Reduce Your Tax Liability With Correct Capital's Financial Advisors in Brentwood, MO
Tax Planning in Brentwood, MO. Tax liability is how much you owe in taxes to local, state, and federal entities. Even though taxes may be one of the two certainties in life, there are perfectly legal ways to reduce how much money you have to pay. Tax planning is also important for successful retirement planning. At Correct Capital, we partner with Brentwood, MO individuals, families, and businesses in the Brentwood, MO area to find creative and time-tested strategies for reducing their tax burden. Speak to Correct Capital's financial and fiduciary advisors today at 314-930-401(k), contact us online, or read on to see how diligent tax planning can keep more money in your account both now and in the future.
Tax Planning for Brentwood, MO Individuals and Families
Prudent tax planning is essential for individuals and families who want to put more in their retirement accounts and have extra money for the short-term. Ways to reduce your tax liability when tax planning in Brentwood, MO are:
- Standard Deduction vs. Itemizing —
The standard deduction is a no-questions-asked figure that reduces the amount of income you are taxed on. In 2022 and 2023, the standard deductions are:
- $12,950 for single filers
- $25,900 for married, filing jointly
- $12,950 for married, filing separately
- $19,400 for head of household
- $13,850 for single filers
- $27, 700 for married, filing jointly
- $13,850 for married, filing separately
- $20,800 for head of household
If your deductible income is more than the above, you can count up each deduction you're eligible for one by one. The disadvantage is that filing will be more complicated, and you will have to document why you are eligible for the deduction when you send your returns.
- Evaluate Your Retirement Accounts —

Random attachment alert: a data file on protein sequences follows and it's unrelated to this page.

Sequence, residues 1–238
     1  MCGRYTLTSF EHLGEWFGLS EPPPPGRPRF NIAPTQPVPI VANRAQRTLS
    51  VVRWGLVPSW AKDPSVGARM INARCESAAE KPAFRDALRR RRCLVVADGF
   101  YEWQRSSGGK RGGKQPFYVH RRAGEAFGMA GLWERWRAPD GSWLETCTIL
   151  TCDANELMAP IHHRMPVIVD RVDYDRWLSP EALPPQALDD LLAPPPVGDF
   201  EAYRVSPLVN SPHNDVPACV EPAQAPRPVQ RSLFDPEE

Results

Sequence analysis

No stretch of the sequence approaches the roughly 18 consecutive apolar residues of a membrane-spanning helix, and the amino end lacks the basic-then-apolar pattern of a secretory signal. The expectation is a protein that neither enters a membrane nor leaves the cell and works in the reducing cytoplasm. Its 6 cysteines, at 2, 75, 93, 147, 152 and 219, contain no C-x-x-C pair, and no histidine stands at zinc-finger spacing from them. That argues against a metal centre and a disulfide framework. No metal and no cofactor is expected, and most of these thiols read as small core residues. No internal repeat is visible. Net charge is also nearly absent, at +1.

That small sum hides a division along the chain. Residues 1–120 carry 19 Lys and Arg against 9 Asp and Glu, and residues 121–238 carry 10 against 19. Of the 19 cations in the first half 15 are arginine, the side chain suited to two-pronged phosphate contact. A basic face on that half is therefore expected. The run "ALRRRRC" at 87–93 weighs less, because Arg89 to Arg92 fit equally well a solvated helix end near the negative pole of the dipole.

Roth IRAs and Traditional IRAs differ in how they affect your taxes. Money you put into a traditional IRA can be deducted from your taxable income, and you pay taxes on it when you withdraw it. Savings put into a Roth IRA are not deductible, but the money grows tax free. Your age, income, and other factors will determine whether a Traditional or Roth IRA is preferable in terms of tax planning. For example, if you expect your taxes to go up down the road, you can transfer money from a traditional IRA to a Roth IRA to pay taxes on the transfer, while allowing the money to grow tax-free.
If you contribute to a 401(k) plan with your employer, you can choose to have earnings deposited into your 401(k) account instead of it going to your paycheck. You can contribute up to $20,500 to a 401(k) in 2022, plus an extra $6,500 if you're at least 50 years old. For 2023, you can deposit as much as $22,500 or $30,000.
If you're have freelance income, you can open up an individual retirement plan, such as a One-Participant 401(k) Plan, and you can deduct the money you put there from your taxable income.
- Tax-Loss Harvesting —
If you sell stocks, bonds, or options at a loss, you can use that loss to reduce your taxable capital gains. This strategy is utilized more with short-term capital gains, as the tax rate is typically higher than long-term. You can deduct up to $3,000 in capital gains losses per year, but you may be able to deduct higher losses in future years.